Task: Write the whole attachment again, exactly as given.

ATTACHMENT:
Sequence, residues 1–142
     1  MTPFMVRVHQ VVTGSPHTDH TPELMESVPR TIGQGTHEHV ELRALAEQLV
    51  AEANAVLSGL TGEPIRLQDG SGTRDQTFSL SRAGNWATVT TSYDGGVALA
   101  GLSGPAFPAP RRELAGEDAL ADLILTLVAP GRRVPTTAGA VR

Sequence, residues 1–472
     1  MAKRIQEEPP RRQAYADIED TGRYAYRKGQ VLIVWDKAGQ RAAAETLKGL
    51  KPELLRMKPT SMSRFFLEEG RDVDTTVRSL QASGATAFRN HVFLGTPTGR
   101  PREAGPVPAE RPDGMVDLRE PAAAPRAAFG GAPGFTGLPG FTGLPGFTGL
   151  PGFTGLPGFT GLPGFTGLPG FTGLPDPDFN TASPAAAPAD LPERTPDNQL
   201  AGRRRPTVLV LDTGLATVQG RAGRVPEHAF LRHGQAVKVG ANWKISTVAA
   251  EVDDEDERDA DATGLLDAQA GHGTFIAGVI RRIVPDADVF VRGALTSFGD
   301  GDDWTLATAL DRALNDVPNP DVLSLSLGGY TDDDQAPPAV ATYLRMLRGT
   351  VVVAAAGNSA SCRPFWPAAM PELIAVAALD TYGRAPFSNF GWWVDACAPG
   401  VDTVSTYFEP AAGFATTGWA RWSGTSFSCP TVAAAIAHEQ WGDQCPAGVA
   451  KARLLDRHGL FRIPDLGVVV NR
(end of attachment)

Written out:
Sequence, residues 1–142
     1  MTPFMVRVHQ VVTGSPHTDH TPELMESVPR TIGQGTHEHV ELRALAEQLV
    51  AEANAVLSGL TGEPIRLQDG SGTRDQTFSL SRAGNWATVT TSYDGGVALA
   101  GLSGPAFPAP RRELAGEDAL ADLILTLVAP GRRVPTTAGA VR

Sequence, residues 1–472
     1  MAKRIQEEPP RRQAYADIED TGRYAYRKGQ VLIVWDKAGQ RAAAETLKGL
    51  KPELLRMKPT SMSRFFLEEG RDVDTTVRSL QASGATAFRN HVFLGTPTGR
   101  PREAGPVPAE RPDGMVDLRE PAAAPRAAFG GAPGFTGLPG FTGLPGFTGL
   151  PGFTGLPGFT GLPGFTGLPG FTGLPDPDFN TASPAAAPAD LPERTPDNQL
   201  AGRRRPTVLV LDTGLATVQG RAGRVPEHAF LRHGQAVKVG ANWKISTVAA
   251  EVDDEDERDA DATGLLDAQA GHGTFIAGVI RRIVPDADVF VRGALTSFGD
   301  GDDWTLATAL DRALNDVPNP DVLSLSLGGY TDDDQAPPAV ATYLRMLRGT
   351  VVVAAAGNSA SCRPFWPAAM PELIAVAALD TYGRAPFSNF GWWVDACAPG
   401  VDTVSTYFEP AAGFATTGWA RWSGTSFSCP TVAAAIAHEQ WGDQCPAGVA
   451  KARLLDRHGL FRIPDLGVVV NR